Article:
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Drug resistance

Drug resistance is the reduction in effectiveness of a drug in curing a disease or improving a patient's symptoms. When the drug is not intended to kill or inhibit a pathogen, then the term is equivalent to dosage failure or drug tolerance. More commonly, the term is used in the context of diseases caused by pathogens.

Additional recommended knowledge

Pathogens are said to be drug-resistant when drugs meant to neutralize them have reduced effect. When an organism is resistant to more than one drug, it is said to be multidrug resistant.

Drug resistance occurs in several classes of pathogens:

  • bacteria -- antibiotic resistance
  • endoparasites
  • viruses -- resistance to antiviral drugs
  • fungi
  • cancer cells

The most prominent is antibiotic resistance. Drug resistance is also found in some tumor cells, which makes it more difficult to use chemotherapy to attack tumors made of those cells. Resistance to antiviral drugs also occurs in virus populations, notably HIV. When a drug is administered, those organisms which have a genetic resistance to the drug will survive and reproduce, and the new population will be drug-resistant (see natural selection, selection pressure).

In the presence of drugs, pathogens have evolved sophisticated mechanisms to inactivate these compounds (e.g. by pumping out compounds, mutating residues required for the compound to bind, etc.), and they do so at a rate that far exceeds the pace of new development of drugs. Examples include drug resistant strains of Staphylococcus aureus, Klebsiella pneumonia, and Pseudomonas aeruginosa, and Mycobacterium tuberculosis (TB) among bacterium and HIV-1 among viruses. Indeed, no new antibiotics have been developed against TB in thirty years. Efforts to develop new antibiotics by the pharmaceutical industry by large-scale screens of chemical libraries which inhibit bacterial growth have largely failed, and new tetracycline and sulfanilamide analogs will likely engender resistance and will quickly be rendered useless. The resistance problem is compounded further by indiscriminate and inappropriate use of antibiotics and anti-viral compounds without compliance measures or public health policies to reduce disease burden. Finally, with current legislative restrictions, the very high costs associated with clinical trials (e.g. ~$400M to bring new tetracyclines to market for an expected revenue of ~$100M), the failure to control generic sales, and the capacity to generate substantial revenues from medications for chronic illnesses, there is little if any financial incentive for big pharmaceutical companies to even develop new antibiotics, and small biotech companies simply do not have the resources. The search for novel anti-viral compounds has been somewhat more successful and largely motivated by the AIDS epidemic, but drugs have been developed principally against viral targets, and mutation rates among viruses still outpaces new development. One positive development has been vaccines, which are promising for some bacterial and viral illnesses. But vaccines are not successful in all cases (e.g. in young children), and adequate resources have not been made available.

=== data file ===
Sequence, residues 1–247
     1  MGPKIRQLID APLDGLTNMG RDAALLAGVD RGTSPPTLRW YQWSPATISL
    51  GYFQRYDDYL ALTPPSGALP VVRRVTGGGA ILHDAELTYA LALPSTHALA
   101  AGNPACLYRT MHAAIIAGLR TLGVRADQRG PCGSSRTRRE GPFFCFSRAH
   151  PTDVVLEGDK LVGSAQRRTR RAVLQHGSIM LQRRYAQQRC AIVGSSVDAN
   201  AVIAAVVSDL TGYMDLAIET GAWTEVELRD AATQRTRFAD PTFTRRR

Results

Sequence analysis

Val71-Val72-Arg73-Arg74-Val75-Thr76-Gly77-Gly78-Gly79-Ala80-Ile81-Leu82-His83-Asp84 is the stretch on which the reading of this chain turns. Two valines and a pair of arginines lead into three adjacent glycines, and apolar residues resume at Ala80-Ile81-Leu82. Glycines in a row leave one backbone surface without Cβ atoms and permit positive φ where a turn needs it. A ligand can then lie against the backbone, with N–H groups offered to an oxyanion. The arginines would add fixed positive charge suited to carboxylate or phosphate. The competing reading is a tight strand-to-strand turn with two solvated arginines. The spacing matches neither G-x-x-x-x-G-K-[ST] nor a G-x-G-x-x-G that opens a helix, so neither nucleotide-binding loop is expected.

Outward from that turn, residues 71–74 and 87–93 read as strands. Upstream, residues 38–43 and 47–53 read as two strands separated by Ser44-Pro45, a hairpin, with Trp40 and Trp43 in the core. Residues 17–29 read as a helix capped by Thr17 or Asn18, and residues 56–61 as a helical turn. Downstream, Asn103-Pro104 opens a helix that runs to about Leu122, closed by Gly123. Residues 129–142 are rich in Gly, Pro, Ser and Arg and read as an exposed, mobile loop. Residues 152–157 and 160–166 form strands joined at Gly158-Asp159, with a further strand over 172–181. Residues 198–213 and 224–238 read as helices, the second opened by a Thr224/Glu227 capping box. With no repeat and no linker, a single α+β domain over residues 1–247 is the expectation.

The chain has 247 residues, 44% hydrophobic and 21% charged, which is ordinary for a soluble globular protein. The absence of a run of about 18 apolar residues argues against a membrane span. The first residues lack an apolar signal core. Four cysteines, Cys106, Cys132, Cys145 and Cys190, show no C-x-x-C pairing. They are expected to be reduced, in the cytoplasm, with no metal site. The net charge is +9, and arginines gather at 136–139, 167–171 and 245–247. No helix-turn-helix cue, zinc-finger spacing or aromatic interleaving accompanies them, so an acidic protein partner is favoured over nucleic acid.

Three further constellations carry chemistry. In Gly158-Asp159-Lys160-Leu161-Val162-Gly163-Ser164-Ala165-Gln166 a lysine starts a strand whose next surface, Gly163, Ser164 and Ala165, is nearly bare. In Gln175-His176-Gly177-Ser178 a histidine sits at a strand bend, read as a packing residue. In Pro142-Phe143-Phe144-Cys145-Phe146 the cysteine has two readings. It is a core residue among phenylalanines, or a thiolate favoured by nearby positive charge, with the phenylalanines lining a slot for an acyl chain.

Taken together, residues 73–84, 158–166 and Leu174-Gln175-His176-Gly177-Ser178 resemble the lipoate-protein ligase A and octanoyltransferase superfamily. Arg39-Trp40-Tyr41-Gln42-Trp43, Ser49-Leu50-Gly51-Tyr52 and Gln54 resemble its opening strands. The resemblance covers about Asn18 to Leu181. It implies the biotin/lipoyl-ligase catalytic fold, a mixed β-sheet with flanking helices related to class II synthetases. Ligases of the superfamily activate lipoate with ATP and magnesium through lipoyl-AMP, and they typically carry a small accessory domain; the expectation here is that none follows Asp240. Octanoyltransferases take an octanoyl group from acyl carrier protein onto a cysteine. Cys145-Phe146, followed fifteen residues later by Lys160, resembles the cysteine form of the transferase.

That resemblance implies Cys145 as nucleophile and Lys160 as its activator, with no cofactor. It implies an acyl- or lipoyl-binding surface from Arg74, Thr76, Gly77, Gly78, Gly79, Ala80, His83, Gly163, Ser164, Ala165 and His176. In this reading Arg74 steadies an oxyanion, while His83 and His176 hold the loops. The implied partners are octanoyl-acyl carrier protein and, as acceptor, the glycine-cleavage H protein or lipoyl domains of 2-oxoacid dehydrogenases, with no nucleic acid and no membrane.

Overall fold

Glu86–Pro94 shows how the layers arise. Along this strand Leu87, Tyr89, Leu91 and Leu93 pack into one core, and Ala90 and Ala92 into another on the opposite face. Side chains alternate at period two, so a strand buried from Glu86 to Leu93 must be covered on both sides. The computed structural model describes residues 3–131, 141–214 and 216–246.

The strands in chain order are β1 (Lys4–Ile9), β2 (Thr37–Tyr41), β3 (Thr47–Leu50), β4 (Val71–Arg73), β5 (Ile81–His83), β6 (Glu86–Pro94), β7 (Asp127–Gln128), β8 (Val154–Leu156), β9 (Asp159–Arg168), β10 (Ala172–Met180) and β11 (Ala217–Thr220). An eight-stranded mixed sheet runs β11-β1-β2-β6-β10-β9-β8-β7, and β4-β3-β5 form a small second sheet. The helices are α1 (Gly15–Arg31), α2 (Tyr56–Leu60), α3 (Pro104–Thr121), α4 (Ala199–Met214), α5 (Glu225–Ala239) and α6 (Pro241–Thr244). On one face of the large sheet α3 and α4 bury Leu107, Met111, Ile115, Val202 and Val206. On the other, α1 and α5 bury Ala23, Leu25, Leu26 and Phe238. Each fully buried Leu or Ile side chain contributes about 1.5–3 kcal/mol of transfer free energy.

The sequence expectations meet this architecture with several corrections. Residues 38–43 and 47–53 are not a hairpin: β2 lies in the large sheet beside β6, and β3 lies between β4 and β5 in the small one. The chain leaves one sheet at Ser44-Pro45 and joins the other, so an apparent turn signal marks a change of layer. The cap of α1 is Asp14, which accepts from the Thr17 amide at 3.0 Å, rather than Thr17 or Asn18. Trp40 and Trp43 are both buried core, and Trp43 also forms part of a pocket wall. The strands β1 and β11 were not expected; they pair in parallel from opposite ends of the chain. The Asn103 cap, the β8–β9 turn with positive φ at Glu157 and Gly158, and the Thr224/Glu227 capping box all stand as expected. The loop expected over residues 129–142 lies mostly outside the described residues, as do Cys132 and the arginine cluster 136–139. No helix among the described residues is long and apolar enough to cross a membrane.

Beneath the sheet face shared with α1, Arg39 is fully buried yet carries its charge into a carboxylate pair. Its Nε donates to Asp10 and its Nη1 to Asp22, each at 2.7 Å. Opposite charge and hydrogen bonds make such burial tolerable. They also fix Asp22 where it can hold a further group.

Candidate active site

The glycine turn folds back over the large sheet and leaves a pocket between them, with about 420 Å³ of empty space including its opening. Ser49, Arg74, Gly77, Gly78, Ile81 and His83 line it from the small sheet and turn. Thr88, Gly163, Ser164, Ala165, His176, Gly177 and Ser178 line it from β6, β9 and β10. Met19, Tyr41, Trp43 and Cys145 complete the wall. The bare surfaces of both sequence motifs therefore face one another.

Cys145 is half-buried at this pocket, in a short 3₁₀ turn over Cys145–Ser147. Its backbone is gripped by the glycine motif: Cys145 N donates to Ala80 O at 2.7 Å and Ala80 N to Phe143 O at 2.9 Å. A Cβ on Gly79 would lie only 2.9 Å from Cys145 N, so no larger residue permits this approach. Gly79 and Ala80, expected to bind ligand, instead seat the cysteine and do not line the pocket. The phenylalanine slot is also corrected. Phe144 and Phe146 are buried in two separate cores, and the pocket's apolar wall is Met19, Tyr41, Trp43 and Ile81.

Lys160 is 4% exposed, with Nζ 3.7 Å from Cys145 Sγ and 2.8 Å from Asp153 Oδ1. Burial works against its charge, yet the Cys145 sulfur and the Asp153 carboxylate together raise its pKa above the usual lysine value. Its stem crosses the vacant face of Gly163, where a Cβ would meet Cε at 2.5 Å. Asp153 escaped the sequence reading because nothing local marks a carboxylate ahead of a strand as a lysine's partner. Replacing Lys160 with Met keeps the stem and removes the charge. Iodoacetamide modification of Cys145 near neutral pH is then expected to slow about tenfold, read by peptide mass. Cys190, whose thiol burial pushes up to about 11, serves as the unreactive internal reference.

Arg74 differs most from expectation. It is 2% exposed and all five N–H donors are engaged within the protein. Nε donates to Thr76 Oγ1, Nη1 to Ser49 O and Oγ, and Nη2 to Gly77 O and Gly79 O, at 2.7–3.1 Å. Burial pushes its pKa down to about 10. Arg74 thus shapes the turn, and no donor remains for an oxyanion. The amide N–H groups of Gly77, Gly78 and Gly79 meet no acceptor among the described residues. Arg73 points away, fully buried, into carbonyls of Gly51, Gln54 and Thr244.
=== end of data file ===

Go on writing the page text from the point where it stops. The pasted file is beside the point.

See also

This article is licensed under the GNU Free Documentation License. It uses material from the Wikipedia article "Drug_resistance". A list of authors is available in Wikipedia.
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